Connect with us

Editorial Opinion

Presidential public asset declarations: Matters arising



Spread The News

PRESIDENT Mohammadu Buhari’s recent declaration of his assets publicly has given him more mileage in his political journey. Though belated, it is nevertheless an action so widely desired by all Nigerians. In Nigeria, where popular expectations of enthroning integrity and transparency in governance have been raised high, the pain of inaction may have been most intolerable. And this is where we have to commend both the President and the Vice President for keeping faith with Nigerians in their demand for a clear, thorough and comprehensive public declaration of their material possessions. What is at play by this public declaration of assets is to inform Nigerians that we can now celebrate a return of hope and optimism in our ongoing experiment with western democracy.
Assets declaration is a strategic political victory and a pointer to a future of open, accountable and transparent democracy as practised in the developed world. It is agreed, regardless of class or political affiliation, that Nigeria is confronted today by a contested struggle and the challenge of hyper corruption which is fuelled by our loose commitment to prosecution and perceptible aversion to probity, integrity, honesty, transparency and accountability. In fact the sheer paucity of knowledge of the assets of our public officers has systematically encouraged corruption over the years and stripped our democracy of the values of transparency and accountability which this administration has vowed to change.
Both President Mohammadu Buhari and Vice President Yemi Osinbajo (VP) have done something heart- warming through their assets declaration to shift the irritating paradigm where Nigerians are kept in the dark of the networth of their public figures who, in turn, exploit this political vacuum to loot humongous sums of public money. What the President and the VP have done is to bring reform to our democracy; win the trust of Nigerians, encourage hope and enthusiasm and the introduction of a new template for present and future public office-holders.
However, going beyond the euphoria of the assets declaration, we note also some loopholes in the handling and delivery of the exercise. Section 140 (1) of the Constitution of the Federal Republic of Nigeria states, “A person elected to the office of President shall not begin to perform the functions of that office until he has declared his assets and liabilities as prescribed in this Constitution and he has taken and subscribed the Oath of Allegiance and the oath of office prescribed in the Seventh Schedule to this Constitution.” Going by the wording of the Constitution, the President and the Vice President have more than obeyed this section of our Constitution.
But paragraph 11 (1) of the Fifth Schedule to the Constitution of the Federal Republic of Nigeria 1999 (as amended) requires all public officers, including the President, VP, Governor, Deputy Governor, Ministers, Commissioners not only to declare their assets and liabilities before performing the functions of their offices but also to declare same again after 4 years or upon completion of their offices. Therefore, the Code of Conduct Bureau (CCB) must gird their loins and make sure that the verification exercise which they did at the commencement of the public officers’ terms of office must be repeated when their terms of office end, and must also be made public. So far the CCB has been a docile, indolent Bureau, merely receiving and filing away all declaration of assets Forms, without more! The CCB must be up and doing and be seen to be enforcing conformance with the provisions of the Constitution. The President and the Vice President cannot turn a blind eye to this provision of our Constitution requiring them, not only to declare their assets, but to declare their liabilities as well. There is no obfuscation in the wordings of the Constitution. Without any irony, this action is unsettling.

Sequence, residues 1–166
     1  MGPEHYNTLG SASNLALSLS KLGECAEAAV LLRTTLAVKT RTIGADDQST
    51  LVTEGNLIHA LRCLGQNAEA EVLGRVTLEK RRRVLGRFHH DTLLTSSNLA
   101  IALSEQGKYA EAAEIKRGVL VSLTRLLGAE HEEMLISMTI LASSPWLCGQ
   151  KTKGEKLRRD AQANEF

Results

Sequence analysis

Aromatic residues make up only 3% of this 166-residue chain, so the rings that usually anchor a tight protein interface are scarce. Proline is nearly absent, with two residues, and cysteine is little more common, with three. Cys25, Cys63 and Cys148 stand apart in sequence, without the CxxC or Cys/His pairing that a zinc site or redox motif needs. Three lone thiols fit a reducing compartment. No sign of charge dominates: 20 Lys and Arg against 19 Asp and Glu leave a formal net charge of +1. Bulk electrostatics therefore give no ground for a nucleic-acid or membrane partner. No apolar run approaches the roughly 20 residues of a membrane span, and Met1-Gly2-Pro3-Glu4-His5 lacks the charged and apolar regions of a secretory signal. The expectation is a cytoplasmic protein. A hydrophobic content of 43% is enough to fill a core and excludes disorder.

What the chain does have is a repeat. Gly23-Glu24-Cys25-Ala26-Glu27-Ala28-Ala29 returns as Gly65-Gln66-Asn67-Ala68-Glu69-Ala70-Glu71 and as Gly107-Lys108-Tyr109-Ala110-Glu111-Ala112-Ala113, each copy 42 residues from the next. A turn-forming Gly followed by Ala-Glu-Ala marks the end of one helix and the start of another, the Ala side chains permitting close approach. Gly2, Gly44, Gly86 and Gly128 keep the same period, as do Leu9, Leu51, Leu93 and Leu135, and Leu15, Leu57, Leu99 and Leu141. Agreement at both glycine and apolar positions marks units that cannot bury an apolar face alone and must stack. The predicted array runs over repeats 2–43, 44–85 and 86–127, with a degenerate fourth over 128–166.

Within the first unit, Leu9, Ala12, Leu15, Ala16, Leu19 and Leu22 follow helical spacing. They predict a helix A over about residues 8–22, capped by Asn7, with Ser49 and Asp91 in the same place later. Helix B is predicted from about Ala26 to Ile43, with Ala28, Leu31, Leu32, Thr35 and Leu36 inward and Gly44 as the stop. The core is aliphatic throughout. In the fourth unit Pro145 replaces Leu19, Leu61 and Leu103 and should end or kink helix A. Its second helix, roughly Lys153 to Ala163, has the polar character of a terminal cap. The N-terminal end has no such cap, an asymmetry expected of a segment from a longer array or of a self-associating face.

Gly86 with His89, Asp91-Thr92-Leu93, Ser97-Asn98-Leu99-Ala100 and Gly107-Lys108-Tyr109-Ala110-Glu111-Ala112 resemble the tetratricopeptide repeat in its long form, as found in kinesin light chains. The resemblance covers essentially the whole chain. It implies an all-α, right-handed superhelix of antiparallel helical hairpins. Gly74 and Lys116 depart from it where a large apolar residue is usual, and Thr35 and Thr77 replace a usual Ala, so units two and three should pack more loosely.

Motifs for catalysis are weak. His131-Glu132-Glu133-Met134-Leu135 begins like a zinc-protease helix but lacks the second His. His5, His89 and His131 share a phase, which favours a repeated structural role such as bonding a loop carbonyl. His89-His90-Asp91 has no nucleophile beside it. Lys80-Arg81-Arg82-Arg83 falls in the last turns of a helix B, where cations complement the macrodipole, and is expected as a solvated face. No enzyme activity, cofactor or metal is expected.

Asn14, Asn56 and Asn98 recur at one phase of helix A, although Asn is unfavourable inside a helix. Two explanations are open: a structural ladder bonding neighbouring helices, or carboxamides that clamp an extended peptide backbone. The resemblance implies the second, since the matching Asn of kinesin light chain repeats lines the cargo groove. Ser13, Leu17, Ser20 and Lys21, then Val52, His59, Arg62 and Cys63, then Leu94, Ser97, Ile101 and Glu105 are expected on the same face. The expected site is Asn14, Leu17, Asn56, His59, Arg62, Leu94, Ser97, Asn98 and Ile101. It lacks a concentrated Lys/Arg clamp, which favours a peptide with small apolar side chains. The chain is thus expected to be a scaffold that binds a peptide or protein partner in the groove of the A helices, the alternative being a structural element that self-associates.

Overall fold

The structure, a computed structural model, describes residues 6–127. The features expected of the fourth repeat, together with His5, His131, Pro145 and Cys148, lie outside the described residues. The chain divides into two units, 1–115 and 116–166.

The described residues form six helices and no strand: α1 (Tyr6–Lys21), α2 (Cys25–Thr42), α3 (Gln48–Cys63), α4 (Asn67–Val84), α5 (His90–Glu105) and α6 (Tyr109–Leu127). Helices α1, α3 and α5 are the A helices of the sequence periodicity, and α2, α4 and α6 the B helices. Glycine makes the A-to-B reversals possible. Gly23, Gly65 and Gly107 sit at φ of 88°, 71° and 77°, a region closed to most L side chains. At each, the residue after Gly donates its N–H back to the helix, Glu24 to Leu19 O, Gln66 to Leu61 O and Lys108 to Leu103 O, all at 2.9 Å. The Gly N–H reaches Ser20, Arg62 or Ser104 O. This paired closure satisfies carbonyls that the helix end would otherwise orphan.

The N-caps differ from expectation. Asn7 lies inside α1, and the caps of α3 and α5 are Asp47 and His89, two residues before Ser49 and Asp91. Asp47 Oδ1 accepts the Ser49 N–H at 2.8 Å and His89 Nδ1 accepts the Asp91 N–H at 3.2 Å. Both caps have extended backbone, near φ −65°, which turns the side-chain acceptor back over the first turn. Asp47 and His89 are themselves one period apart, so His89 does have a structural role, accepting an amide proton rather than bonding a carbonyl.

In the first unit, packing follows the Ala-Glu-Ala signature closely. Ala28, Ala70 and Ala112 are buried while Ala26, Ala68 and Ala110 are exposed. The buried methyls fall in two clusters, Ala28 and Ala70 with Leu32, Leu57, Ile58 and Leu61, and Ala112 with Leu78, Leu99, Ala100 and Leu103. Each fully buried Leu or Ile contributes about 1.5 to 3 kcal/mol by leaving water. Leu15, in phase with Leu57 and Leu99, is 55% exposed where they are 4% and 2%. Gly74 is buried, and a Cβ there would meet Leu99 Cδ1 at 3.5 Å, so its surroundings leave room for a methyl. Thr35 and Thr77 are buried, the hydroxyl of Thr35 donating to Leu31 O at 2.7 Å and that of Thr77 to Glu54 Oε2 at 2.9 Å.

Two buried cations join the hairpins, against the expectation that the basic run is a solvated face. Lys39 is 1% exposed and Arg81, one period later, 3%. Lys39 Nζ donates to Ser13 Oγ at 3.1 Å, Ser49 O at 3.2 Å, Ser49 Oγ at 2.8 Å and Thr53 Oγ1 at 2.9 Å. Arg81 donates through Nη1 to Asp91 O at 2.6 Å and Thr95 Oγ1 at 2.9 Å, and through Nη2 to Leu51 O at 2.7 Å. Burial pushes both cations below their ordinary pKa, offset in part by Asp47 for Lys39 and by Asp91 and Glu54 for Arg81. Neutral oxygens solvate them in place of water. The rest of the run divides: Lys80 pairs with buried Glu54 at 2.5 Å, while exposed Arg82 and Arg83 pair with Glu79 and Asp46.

The President promised to declare his assets in March, 2015, during his campaign, a promise which the Nigerian electorate had insisted he must fulfil. He also once declared himself insolvent and had had to borrow money from his bankers, Union Bank, to pay off the prescribed sum of N27million naira for the APC Presidential Nomination Form. Now, and almost miraculously, President Mohammadu Buhari has quit bankruptcy, and has N30million naira in his bank account!
We note and condemn President Mohammadu Buhari’s hesitation to declare his assets publicly in spite of his promise. He initially privately declared his assets to the Code of Conduct Bureau (CCB), but when Nigerians mounted pressures on him, he did the right thing. It was alleged that his Special Adviser on Media and Publicity, Mr Femi Adesina, had to remind him of his covenant with Nigerians before action was taken to go public with his assets. These are regrettable actions from a reformist President whose affirmation of moral conviction has endeared him to the majority of Nigerians.
Even if the President and Vice President have declared their assets publicly, and not a few Nigerians consider this a salutary development, it should be stated that the word “publicly” is not in the Constitution. That being so, it behoves the National Assembly to amend section 140 (1) of the Constitution that stipulates “to declare their assets and liabilities” to read “to publicly declare their assets and liabilities”.

Continue Reading
Click to comment

Leave a Reply

Your email address will not be published.